50 years ago, Toyota presented the Celica, a sports coupé that enjoyed worldwide sales success until the end of production in 2005, making it the overall best-selling Asian vehicle in this category. Since then it has been greatly missed by fans. There were seven model generations in total, most of which were driven in professional motorsport by the rally team of Ove Andersson, which later became TTE (Toyota Team Europe) and in 1993 Toyota Motorsport GmbH TMG (now Gazoo Racing). The first respectable successes were followed by major victories after the end of the Group B era in 1987. Among others, Carlos Sainz (1990 and 1992), Juha Kankunnen (1993) and Didier Auriol (1994) won the drivers’ title in the World Rally Championship four times. Three of these titles, as well as the manufacturer’s titles won at the same time, were won by the ST185 model generation, which debuted in its normal version in 1989. However, with front-wheel drive and 105 hp in the basic version, no big success would have been possible on the rough rally tracks. For this a real competition vehicle based on the new top model Celica Turbo 4WD, which debuted in 1990, was needed. On some markets this vehicles was called Celica GT-Four or Celica Turbo All-Trac.
Special edition for Carlos Sainz
To commemorate Carlos Sainz’s first world championship title, Toyota used the IAA 1991 (Frankfurt Motor Show) not only for the world premiere of the new WRC car based on the Celica ST185 with around 221 kW/300 hp. In addition, the Celica Turbo 4WD Carlos Sainz Edition as a roadworthy offshoot had its world debut there. The wedge-shaped design with pop-up headlights benefited from similarly designed bumpers with large air intakes, a hood with two round bulges above the suspension struts and a central air outlet in a scoop, wider flared fenders and a spoiler on the trunk lid that extended far around the rear window. The wheel arches housed directional light-alloy wheels in 6.5 x 15 inch. Rather unusual in connection with the rally car was the standard installation of a sunroof.
Compared to the normal Celica Turbo 4WD, the two-liter four-cylinder turbocharged engine had a small power increase to 153 kW/208 hp and 278 newtonmeters of torque thanks to a water-cooled intercooler, an additional oil cooler and modified cooling of the camshaft drive belt via the air scoop in the hood. The special edition model reached 100 kph (62 mph) in just 7.9 seconds and accelerated further to a topspeed of 230 kph (143 mph) if required. The manual five-speed gearbox and the permanent four-wheel drive with Torsen limited slip differential on the rear axle helped here. A sports suspension with modified leading geometry and a smaller steering roll radius were also part of the overall package. Toyota killed two birds with one stone with this model. On the one hand, it delighted rally fans who had long wished for a street version of the successful rally vehicles and, on the other hand, it fulfilled the FIA requirements for homologation of the new rally vehicle with 5,000 produced units. On some markets the special edition ran as Celica GT-Four RC and had up to 165 kW/225 hp ex works.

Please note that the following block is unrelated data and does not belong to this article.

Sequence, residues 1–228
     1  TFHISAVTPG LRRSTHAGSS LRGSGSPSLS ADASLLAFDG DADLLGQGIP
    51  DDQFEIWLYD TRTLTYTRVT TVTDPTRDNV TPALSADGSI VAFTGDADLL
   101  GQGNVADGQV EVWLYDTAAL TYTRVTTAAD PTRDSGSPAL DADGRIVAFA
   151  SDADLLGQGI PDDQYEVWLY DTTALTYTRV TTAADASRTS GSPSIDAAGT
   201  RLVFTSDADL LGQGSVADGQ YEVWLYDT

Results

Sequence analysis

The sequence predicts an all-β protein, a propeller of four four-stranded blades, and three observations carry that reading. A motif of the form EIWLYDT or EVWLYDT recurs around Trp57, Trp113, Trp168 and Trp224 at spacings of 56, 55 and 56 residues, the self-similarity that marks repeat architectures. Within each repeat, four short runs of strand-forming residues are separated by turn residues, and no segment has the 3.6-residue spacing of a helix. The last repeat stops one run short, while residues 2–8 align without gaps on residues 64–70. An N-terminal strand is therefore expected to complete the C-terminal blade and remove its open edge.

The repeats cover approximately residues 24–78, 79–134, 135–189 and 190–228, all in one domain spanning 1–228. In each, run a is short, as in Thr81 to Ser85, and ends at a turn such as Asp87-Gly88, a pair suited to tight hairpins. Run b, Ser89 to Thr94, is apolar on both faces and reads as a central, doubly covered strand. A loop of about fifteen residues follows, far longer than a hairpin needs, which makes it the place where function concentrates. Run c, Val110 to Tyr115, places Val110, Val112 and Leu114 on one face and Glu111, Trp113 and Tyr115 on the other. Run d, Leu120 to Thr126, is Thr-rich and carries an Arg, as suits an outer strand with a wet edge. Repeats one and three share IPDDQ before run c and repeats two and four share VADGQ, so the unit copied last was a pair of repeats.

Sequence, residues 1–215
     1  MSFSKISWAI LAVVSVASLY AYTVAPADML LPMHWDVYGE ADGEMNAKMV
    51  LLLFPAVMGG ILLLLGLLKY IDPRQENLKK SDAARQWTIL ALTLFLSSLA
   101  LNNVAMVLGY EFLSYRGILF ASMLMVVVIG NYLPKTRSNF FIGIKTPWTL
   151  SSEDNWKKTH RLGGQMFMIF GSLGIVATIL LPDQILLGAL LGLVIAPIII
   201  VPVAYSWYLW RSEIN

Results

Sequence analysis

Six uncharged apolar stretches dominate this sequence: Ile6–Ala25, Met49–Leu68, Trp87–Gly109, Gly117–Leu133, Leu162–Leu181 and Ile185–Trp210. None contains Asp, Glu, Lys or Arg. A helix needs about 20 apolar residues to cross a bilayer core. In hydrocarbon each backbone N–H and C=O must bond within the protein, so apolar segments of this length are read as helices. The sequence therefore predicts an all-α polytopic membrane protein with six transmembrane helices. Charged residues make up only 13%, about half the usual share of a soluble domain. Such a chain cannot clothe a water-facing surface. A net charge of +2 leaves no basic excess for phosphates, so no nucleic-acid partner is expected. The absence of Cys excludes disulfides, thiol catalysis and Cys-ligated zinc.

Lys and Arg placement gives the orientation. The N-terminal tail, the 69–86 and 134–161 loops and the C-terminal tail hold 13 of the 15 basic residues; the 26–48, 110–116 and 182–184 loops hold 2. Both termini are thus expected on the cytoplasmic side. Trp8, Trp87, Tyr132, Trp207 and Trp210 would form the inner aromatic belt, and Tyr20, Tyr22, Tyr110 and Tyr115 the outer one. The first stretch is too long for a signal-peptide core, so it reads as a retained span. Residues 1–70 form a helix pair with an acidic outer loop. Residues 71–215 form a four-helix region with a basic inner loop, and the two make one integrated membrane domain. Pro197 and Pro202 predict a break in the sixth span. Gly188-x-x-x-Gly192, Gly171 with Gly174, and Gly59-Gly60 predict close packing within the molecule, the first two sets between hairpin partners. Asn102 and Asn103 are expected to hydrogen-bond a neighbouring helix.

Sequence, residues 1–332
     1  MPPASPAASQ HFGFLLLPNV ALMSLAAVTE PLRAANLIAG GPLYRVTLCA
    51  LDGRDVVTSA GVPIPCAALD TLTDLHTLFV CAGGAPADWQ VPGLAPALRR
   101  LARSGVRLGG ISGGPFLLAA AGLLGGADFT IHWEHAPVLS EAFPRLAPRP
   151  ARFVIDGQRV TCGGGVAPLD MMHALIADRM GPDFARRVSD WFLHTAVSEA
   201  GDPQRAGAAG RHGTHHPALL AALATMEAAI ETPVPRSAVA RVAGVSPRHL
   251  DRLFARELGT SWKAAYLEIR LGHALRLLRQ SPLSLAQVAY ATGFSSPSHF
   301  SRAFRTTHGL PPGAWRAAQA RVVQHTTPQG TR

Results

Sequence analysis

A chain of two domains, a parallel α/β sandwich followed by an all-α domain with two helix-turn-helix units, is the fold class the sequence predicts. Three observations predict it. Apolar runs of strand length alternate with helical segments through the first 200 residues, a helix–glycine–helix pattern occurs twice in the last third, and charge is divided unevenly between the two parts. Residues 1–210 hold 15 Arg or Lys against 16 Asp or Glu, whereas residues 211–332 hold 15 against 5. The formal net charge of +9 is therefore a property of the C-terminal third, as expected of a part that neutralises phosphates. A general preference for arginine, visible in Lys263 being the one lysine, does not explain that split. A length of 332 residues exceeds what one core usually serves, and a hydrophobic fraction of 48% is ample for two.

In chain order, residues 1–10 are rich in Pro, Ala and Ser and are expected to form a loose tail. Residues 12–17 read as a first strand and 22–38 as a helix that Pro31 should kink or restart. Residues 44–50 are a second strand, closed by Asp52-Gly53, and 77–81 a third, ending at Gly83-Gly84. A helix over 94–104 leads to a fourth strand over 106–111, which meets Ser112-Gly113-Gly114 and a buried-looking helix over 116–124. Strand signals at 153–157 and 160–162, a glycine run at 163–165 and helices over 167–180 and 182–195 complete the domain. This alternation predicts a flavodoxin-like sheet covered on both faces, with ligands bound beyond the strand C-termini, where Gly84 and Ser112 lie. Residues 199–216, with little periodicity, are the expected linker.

5,000 collector’s items
The 5,000 copies of the Celica Turbo 4WD Carlos Sainz Edition were virtually ripped out of the dealers’ hands. The relatively high base price of 63,400 DM (incl. 14% VAT) didn’t prevent this. Exactly 680 vehicles were sold in Germany, which today, as in other countries, are sought-after collector’s items. A very good example is part of the Toyota Collection at the headquarters of Toyota Germany in Cologne. On special occasions as well as one or the other classic car drive, the sports coupé is allowed to go out and show what it is capable of.